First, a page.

Spring has sprung here in Germany, and it’s not just time to clean house. It’s also a great opportunity to work on improving other areas in your life. So this spring, why not add cleaning and organizing your communication skills to your plans?
Choosing which ‘room’ to start in
Sometimes it’s hard to know where to begin. When it comes to spring cleaning your communication skills, you can try different strategies. Try beginning with the communication skill you find easiest and then moving on to the skills you find more challenging. Or jump right in and tackle your biggest communication challenge first. Whether it’s your general speaking skills, written communication skills, or presentation skills, choose one and get started. Take imperfect action, because it can be the easiest action of all.
Assessing what to throw out, improve and acquire
Assess where you are now, and where you want to be. This becomes the gap you want to work on. Ask yourself what you need to discard from your repertoire of skills because it’s not serving you, what you need to improve on, and what you need to learn to be more successful in your communication.
If you know you tend to interrupt when others are speaking, throw out that habit and commit to becoming a more empathetic listener. If you write reports often, assess how you can write more clearly and concisely so that your messages are easier for the reader to understand and act on. If you want to become a sought-after public speaker, learn how to deliver your presentation with confidence and authenticity, with effective slides that clearly support your key messages.
Kick-starting the process
Here are some ideas to help you begin your communication skills spring cleaning:
- Think before you speak: Get back to basics by planning your strategy to achieve your goal for a conversation or meeting, or practising what you want to say in advance.
- Use your voice: Words aren’t enough. By varying the pace, pitch and power of your voice, you can give meaning and emphasis to your words. Try it out in front of the mirror, with a trusted colleague or even with your dog.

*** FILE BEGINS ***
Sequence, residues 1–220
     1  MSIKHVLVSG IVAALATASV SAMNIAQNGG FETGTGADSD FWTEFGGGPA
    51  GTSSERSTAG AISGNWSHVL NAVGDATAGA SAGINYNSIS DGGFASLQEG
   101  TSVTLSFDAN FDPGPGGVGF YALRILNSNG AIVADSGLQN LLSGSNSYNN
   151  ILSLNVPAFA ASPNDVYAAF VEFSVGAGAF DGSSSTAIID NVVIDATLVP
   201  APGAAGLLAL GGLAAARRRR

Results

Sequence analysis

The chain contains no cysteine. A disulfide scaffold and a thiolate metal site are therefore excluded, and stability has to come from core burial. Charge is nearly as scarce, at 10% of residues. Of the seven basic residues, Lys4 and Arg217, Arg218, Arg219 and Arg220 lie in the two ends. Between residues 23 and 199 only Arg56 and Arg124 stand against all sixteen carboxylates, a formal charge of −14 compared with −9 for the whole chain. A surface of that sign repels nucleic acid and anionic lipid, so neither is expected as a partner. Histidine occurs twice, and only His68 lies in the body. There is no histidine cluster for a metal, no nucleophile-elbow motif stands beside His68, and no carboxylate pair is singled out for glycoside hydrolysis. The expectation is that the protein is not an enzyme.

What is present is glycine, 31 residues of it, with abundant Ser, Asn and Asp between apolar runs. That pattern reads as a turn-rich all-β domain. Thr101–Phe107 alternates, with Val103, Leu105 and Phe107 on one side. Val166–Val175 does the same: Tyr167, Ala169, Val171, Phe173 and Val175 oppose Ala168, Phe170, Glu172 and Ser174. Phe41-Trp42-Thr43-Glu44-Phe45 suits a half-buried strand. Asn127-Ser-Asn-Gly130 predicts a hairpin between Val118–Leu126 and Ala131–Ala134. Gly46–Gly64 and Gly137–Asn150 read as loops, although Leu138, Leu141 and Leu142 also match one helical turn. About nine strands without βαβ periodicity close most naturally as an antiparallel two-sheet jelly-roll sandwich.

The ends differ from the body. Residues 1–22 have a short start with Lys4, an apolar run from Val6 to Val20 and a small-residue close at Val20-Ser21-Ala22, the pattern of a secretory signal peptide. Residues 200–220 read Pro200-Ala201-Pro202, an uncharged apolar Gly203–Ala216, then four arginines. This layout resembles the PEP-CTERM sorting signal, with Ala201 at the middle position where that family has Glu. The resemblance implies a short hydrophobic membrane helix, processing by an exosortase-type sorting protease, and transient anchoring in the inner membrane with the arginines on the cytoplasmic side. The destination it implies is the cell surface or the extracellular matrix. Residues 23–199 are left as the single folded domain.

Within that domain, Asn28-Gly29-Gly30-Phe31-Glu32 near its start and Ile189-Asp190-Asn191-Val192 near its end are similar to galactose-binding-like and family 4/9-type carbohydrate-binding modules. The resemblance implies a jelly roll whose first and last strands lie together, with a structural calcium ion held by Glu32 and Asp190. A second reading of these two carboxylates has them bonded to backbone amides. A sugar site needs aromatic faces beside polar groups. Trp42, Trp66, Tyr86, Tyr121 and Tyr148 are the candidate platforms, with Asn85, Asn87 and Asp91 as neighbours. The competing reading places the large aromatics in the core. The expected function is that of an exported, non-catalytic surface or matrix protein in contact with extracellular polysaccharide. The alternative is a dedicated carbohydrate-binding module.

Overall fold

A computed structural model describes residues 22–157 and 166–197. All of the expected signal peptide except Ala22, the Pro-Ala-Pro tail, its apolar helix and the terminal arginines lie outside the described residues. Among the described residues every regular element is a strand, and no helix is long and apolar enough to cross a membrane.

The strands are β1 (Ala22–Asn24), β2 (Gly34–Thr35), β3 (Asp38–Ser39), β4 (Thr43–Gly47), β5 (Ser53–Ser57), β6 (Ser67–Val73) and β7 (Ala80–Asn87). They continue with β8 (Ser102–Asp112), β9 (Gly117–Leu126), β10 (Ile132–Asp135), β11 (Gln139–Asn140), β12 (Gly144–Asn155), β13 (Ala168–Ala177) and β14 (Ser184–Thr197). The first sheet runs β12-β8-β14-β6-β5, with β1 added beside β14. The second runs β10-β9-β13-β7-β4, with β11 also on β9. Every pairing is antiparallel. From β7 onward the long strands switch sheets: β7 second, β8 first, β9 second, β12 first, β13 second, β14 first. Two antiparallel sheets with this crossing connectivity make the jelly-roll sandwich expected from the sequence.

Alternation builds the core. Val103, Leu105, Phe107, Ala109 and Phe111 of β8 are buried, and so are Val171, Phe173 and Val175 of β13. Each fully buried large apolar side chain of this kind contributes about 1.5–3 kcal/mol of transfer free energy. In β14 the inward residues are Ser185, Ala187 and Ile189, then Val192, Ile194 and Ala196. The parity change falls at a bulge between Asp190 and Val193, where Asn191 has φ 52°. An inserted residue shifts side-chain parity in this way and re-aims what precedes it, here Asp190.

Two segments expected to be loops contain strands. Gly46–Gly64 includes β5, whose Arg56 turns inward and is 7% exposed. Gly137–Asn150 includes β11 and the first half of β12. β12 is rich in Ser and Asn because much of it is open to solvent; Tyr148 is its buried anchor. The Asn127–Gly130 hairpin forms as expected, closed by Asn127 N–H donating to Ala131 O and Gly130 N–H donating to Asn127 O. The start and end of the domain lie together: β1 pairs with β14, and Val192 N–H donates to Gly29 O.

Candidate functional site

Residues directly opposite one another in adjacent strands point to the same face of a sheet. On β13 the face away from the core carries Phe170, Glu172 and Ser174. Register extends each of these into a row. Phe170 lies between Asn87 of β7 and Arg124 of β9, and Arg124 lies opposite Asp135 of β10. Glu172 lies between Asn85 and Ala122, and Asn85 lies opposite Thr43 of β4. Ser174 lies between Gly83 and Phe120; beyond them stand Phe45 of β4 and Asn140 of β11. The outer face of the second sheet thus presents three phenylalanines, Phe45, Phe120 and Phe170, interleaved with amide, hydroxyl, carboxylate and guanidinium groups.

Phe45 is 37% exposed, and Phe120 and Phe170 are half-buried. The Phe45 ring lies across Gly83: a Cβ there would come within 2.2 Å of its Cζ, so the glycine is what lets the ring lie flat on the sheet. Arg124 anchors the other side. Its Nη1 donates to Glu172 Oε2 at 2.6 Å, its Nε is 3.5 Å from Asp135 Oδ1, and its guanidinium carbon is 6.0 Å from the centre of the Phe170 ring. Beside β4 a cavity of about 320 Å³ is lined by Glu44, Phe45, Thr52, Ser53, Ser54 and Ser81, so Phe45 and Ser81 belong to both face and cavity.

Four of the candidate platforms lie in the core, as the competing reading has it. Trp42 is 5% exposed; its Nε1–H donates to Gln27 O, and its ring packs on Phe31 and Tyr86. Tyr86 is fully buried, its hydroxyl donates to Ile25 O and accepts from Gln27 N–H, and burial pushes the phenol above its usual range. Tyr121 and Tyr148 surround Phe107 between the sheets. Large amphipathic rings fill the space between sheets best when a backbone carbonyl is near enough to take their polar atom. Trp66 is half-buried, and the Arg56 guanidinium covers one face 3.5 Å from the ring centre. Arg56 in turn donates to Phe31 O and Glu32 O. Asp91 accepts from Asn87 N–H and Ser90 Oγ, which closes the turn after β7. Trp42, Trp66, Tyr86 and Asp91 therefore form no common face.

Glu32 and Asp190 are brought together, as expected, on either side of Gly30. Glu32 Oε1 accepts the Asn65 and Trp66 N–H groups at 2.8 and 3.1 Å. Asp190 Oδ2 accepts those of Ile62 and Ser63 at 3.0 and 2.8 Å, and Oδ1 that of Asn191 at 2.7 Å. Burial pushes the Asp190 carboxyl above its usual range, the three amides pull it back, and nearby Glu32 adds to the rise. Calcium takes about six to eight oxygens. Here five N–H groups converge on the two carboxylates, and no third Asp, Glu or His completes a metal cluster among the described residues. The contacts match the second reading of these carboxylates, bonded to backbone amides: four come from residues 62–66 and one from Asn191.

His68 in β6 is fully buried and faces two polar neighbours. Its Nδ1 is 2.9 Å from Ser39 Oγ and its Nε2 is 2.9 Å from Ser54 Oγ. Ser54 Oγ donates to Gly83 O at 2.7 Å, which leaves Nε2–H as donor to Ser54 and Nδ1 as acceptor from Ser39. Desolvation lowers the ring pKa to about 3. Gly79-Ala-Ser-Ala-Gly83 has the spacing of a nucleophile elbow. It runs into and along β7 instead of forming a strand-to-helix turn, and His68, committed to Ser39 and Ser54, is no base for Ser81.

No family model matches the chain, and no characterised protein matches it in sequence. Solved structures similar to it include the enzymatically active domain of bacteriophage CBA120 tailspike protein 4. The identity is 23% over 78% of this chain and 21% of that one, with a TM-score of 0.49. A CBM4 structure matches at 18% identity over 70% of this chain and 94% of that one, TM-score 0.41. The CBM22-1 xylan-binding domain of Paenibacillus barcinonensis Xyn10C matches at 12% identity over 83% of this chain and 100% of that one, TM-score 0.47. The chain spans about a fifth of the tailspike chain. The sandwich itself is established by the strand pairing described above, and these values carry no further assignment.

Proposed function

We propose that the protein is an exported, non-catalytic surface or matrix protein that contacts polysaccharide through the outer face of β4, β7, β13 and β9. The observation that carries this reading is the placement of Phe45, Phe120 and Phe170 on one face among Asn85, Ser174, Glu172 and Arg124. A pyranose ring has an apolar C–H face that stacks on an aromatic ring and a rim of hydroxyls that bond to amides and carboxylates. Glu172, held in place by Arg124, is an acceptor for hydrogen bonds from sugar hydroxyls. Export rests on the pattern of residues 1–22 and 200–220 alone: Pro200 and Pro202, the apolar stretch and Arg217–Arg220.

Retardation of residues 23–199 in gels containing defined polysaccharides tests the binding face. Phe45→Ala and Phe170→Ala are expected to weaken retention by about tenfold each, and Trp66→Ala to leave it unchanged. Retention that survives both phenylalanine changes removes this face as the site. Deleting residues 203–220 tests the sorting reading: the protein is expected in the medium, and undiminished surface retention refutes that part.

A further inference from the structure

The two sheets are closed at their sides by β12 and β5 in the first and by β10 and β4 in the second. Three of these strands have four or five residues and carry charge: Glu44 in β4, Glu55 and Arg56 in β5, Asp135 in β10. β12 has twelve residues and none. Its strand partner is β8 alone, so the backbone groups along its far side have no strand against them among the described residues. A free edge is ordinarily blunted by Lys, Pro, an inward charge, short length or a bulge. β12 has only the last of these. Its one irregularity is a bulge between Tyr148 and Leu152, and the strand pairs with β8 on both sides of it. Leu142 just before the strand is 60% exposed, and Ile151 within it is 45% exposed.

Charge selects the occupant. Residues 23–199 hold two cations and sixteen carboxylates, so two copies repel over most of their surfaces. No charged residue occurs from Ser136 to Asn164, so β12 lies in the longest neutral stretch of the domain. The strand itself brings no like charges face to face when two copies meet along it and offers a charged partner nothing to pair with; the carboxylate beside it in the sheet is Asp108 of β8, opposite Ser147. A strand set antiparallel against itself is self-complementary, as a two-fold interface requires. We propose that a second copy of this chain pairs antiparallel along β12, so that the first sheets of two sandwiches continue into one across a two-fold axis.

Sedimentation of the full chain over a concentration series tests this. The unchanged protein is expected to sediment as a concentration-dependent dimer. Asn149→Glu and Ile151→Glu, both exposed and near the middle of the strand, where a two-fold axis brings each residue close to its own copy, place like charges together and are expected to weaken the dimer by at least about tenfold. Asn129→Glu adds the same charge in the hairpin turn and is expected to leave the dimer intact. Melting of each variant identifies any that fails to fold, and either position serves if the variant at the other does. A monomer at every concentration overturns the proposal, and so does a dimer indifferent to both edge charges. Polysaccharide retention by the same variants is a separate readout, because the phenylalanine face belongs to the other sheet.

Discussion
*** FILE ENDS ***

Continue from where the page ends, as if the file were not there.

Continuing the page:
Written communication skills
- Manage sentence length: My advice is to keep sentences shorter. Bite-sized pieces will make it easy for the reader to digest your key messages. Write sentences that contain only 20 to 30 words rather than trying to beat the longest sentence I have ever read in a corporate report (105 words).
- Eliminate redundancy: As authors, we have a tendency to feel like every word we write is important. Therefore, we can’t possibly delete any of those words. The truth is, there are more opportunities to cut out the fluff than we think. So be brutal and cut out words or phrases that don’t add value, are redundant or are not required for emphasis or opinion.
- Clarify your concept: Make sure your concept is tight. It should be short and concise, even tweetable. Write it in such a way that it hooks your audience and inspires them to action.
- Simplify your slides: Assess each slide to ensure there is only one message per slide no matter how hard that might seem. Challenge yourself to eliminate text and replace it with key words, images, smart art or other graphical representation.
Let’s face it: Some of us are more challenged by the procrastination monster than others. Strategy comes into play here, too. Take a small step, any step, toward your communication spring cleaning project. The first step will lead to the next step.
You may want to set aside an afternoon to reassess your communication skills in one area or all areas. Then focus on the one aspect that interests you most and take action on that one item. Communication skills are interrelated, so that one topic should lead you to the next topic.
If all else fails, promise yourself a reward for your hard work, such as a hot bath at the end of the afternoon, your favorite guilty food snack, or the freedom to go for a long run to cleanse your mind and body.
Maintaining your forward momentum
Now that you’ve decided on which communication skill(s) to focus, make sure you keep moving forward by addressing communication issues, questions and challenges as they arise. Keep a list of communication goals you want to achieve, progress you’ve made, and areas that need more attention.
I’ll be focusing on writing new articles regularly and refining my core presentation for key note speeches. What will you accomplish during your communication skills spring cleaning? Let us know so we can cheer you on.
All the best,
This post was originally posted on Quality Assurance Communication.